When Morton La Kretz was gathering swampy water at the UCLA Mildred E. Mathias Botanical Garden about 50 years ago for a biology class experiment, he never thought he would end up sponsoring renovations at the garden.
La Kretz, a UCLA alumnus who is now a philanthropist and real estate developer, gave a $5 million gift in 2014 to build the La Kretz Garden Pavilion, a welcome center for the botanical garden. The construction finished this spring and the garden held a ribbon cutting ceremony to open the pavilion last month.
The newly built garden pavilion has a multifunctioning classroom to hold meetings and teach classes, display botanical collections and accommodate visitors, said Victoria Sork, dean of the life sciences division.
La Kretz also made a $1 million donation in 2013 to build the La Kretz entrance, a well-marked entrance with a bold sign and a wheelchair accessible ramp, to replace the original entrance, which was small and hidden behind bushes, Sork said.
The new entrance and garden pavilion were meant to increase the garden’s accessibility, Sork added.
La Kretz’s gift and several other smaller donations will also fund a series of infrastructure improvements in the garden, said Philip Rundel, director of the garden and an ecology and evolutionary biology professor. The improvements include renovating the landscaping around the pavilion and adding a patio for dining below the pavilion.
The garden is composed of various smaller gardens that display different types of plants, Sork said. She added the garden plans to introduce new species of plants and organize them for displays.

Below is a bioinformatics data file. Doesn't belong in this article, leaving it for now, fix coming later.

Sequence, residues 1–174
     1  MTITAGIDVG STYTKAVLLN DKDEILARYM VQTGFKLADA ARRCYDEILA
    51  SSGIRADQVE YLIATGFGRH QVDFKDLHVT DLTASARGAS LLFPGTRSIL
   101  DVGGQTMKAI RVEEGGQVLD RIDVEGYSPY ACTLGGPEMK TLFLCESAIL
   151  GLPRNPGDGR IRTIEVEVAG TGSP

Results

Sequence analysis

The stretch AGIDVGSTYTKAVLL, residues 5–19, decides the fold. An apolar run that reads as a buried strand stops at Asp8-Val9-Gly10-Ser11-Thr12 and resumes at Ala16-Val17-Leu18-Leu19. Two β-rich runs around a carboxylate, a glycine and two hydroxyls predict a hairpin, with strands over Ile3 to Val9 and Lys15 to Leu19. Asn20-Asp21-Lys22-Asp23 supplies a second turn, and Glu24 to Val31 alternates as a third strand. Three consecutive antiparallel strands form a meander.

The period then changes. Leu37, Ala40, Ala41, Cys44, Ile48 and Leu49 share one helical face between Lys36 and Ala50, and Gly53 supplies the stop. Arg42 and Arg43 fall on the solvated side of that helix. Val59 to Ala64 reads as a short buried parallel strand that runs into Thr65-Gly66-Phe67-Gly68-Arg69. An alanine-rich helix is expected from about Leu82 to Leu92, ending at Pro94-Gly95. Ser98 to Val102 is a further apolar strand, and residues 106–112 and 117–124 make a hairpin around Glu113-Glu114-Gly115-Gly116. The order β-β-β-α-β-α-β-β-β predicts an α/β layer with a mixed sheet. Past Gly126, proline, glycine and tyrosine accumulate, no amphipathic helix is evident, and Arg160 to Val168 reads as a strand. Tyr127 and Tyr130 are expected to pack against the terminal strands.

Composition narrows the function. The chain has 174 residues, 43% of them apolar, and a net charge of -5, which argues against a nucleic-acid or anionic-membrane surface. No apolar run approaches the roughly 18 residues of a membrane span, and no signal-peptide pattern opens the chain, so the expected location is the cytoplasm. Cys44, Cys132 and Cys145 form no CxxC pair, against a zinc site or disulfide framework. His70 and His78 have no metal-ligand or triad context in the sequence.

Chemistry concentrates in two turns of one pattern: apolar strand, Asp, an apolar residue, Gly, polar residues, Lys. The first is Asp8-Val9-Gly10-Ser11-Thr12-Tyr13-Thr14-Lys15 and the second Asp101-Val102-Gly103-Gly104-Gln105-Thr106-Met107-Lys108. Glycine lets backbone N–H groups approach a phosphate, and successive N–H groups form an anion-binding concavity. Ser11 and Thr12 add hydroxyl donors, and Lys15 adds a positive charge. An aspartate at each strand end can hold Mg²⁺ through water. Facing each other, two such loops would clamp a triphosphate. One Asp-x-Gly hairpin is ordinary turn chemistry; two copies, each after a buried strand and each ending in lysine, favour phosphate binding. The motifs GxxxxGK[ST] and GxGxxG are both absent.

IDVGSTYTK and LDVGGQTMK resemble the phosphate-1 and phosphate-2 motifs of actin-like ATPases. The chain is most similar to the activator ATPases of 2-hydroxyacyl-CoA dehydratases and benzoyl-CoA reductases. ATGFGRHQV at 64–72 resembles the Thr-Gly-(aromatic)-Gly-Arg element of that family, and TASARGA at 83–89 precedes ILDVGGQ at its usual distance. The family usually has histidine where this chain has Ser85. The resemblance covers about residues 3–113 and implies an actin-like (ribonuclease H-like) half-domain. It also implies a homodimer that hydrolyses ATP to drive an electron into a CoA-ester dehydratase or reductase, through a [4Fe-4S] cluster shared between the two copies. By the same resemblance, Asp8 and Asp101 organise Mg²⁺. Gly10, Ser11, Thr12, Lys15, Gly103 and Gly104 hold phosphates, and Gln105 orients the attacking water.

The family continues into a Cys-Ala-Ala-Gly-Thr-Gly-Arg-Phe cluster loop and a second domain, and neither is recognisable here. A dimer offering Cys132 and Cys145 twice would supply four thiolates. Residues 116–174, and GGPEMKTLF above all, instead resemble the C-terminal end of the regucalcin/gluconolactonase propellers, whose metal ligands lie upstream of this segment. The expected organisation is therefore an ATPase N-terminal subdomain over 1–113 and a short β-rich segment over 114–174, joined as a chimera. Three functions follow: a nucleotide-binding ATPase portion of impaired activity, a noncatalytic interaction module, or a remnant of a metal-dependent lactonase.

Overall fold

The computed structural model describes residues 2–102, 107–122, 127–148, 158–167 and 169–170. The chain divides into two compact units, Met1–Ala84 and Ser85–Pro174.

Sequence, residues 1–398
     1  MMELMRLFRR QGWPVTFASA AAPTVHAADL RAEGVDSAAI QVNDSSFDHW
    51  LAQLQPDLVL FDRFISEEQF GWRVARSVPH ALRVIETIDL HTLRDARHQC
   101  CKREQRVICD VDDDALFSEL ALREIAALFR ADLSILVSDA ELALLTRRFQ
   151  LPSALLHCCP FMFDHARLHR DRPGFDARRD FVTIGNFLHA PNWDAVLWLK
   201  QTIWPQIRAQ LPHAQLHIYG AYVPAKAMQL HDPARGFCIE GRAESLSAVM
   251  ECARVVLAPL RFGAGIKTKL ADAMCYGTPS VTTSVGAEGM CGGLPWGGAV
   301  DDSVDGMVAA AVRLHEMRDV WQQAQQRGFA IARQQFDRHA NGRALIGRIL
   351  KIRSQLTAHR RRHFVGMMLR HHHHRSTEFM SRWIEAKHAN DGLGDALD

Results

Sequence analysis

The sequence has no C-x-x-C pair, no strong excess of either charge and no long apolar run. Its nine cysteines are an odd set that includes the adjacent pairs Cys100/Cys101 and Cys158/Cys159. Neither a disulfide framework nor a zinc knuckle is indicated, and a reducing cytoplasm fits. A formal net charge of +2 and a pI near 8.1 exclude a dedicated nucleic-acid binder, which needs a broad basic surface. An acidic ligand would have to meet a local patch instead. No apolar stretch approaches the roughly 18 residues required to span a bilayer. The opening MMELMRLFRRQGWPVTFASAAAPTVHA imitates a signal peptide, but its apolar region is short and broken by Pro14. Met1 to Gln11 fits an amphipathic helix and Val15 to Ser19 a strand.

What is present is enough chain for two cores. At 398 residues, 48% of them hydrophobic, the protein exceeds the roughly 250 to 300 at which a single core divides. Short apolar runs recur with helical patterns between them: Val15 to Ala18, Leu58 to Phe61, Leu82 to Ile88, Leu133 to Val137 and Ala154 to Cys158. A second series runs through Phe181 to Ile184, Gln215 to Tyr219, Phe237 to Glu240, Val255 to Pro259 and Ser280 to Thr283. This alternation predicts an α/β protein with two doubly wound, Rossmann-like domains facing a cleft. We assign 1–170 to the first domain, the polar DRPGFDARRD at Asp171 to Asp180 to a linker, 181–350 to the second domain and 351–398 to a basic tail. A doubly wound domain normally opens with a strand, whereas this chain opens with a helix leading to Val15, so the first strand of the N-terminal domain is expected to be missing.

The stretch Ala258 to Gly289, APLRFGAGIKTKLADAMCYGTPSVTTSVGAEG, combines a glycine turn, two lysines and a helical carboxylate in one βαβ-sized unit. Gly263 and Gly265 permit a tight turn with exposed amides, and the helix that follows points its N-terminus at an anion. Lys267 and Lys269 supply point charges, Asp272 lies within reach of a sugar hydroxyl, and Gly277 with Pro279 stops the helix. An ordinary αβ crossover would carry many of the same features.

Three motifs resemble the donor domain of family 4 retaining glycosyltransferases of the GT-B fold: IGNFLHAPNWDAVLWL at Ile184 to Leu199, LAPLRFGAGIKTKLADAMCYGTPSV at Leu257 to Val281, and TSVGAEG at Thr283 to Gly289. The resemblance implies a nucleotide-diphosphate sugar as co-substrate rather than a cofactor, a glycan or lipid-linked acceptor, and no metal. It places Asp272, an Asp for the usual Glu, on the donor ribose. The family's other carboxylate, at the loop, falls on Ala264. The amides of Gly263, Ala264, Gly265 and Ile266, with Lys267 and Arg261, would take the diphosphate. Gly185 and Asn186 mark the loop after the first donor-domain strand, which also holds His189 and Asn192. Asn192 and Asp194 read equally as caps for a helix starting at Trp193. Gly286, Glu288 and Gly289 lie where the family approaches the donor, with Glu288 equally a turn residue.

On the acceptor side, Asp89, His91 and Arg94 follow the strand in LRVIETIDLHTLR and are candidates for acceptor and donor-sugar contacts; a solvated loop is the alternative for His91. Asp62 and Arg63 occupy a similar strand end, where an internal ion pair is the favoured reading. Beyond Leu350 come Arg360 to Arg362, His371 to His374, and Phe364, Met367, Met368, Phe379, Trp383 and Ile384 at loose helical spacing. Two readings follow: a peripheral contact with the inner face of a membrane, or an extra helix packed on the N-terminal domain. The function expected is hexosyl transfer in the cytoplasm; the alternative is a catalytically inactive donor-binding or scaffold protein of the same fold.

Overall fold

“For instance, we hope to grow more Californian, local plants (in the garden) so that people can be educated about them,” Sork said.
Currently, the 7.5-acre-large garden is home to a worldwide collection of more than 3,000 species of plants, Rundel said.
La Kretz said he hopes his donation to the garden will better serve the needs of both faculty and students on campus and the local community.
About 50,000 to 75,000 people visit the garden each year, Rundel said. Among them, around 7,600 are students from campus.
A variety of student groups visit the garden for field trips, plant identifications, sketching, photographing or even playing music, Rundel said.
For example, docents in the garden tailored a tour this spring for students in a food studies course to study plants with edible tissues, Rundel said.
La Kretz said he hopes the garden will help students like him who are interested in nature to learn about different plants and conduct their own research projects with resources in the garden.
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The garden also connects the campus to the community, Sork said.
“Green space like this is very precious in a metropolis like Los Angeles,” Sork said. “It’s a valuable asset for the entire community to appreciate and enjoy.”
Sork said she plans to inform incoming students about the renovated garden and its resources by making the botanical garden one of the stops on the new student orientation tour.
“There are many unique things about UCLA and the garden is definitely one of them,” Sork said.
The garden will be holding an open house in September to officially introduce the new pavilion to the entire campus, Rundel said.